George Efrem numerology

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George Efrem numerology

  1. 1. George Efrem
  2. 2.  Numerology is any study of the purported divine, mystical or other special relationship between a number and some coinciding observed events. It has many systems and traditions and beliefs. Today, numerology is often associated with the paranormal, alongside astrology and similar divinatory arts. Numerology and numerological divination by systems such as isopsephy were popular among earl mathematicians, such as Pythagoras, but are no longer considered part of mathematics and are regarded as pseudomathematics or pseudoscience by modern scientists.
  3. 3.  Modern numerology often contains aspects of a variety of ancient cultures and teachers, including Babylonia, Pythagoras and his followers (Greece, 6th century B.C.).  Pythagoras and other philosophers of the time believed that because mathematical concepts were more "practical" than physical ones, they had greater actuality. In 325 A.D., following the First Council of Nicaea, departures from the beliefs of the state Church were classified as civil violations within the Roman Empire. Numerology had not found favor with the Christian authority of the day and was assigned to the field of unapproved beliefs along with astrology and other forms of divination and "magic".
  4. 4.  Despite this religious purging, the spiritual significance assigned to the heretofore "sacred" numbers had not disappeared; several numbers, such as the "Jesus number" have been commented and analyzed by Dorotheus of Gaza and numerology still is used at least in conservative Greek Orthodox circles. Numerology is prominent throughout Sir Thomas Browne's 1658 literary Discourse The Garden of Cyrus. Throughout its pages the author attempts to demonstrate that the number five and the related Quincunx pattern can be found throughout the arts, in design, and in nature – particularly botany.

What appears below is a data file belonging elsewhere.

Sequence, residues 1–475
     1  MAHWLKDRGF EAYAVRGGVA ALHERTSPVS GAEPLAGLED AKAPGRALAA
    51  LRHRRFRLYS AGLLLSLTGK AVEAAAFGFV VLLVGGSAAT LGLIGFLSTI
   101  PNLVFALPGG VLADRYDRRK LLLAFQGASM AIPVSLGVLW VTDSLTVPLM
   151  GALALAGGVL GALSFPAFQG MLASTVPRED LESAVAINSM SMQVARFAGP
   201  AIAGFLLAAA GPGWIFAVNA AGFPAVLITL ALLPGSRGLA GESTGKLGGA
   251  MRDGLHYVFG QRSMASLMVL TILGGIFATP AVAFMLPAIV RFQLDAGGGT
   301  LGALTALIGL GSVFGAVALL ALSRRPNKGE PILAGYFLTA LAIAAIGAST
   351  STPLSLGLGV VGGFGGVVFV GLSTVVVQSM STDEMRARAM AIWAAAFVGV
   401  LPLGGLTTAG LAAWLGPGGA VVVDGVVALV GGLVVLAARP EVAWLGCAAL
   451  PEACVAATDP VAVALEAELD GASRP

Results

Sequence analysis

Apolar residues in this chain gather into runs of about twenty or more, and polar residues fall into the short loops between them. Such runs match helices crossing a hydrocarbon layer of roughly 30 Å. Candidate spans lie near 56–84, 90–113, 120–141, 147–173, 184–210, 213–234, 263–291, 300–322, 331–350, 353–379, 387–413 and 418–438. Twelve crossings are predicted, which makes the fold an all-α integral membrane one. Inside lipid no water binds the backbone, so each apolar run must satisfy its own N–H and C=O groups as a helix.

5. 5.  Scientific theories are sometimes labeled "numerology" if their primary inspiration appears to be a set of patterns rather than scientific observations. This colloquial use of the term is quite common within the scientific community and it is mostly used to dismiss a theory as questionable science.  The best known example of "numerology" in science involves the coincidental resemblance of certain large numbersCthat intrigued such eminent men as mathematical physicist Paul Dirac, mathematician Hermann Weyl and astronomer Arthur Stanley Eddington. These numerical coincidences refer to such quantities as the ratio of the age of the universe to the atomic unit of time, the number of electrons in the universe, and the difference in strengths between gravity and the electric force for the electron and proton.
  6. 6.  Some players apply methods that are sometimes called numerological in games which involve numbers but no skill, such as bingo, roulette, keno, or lotteries. Although no strategy can be applied to increase odds in such games, players may employ "lucky numbers" to find what they think will help them. There is no evidence that any such "numerological strategy" yields a better outcome than pure chance, but the methods are sometimes encouraged, e.g. by casino owners.

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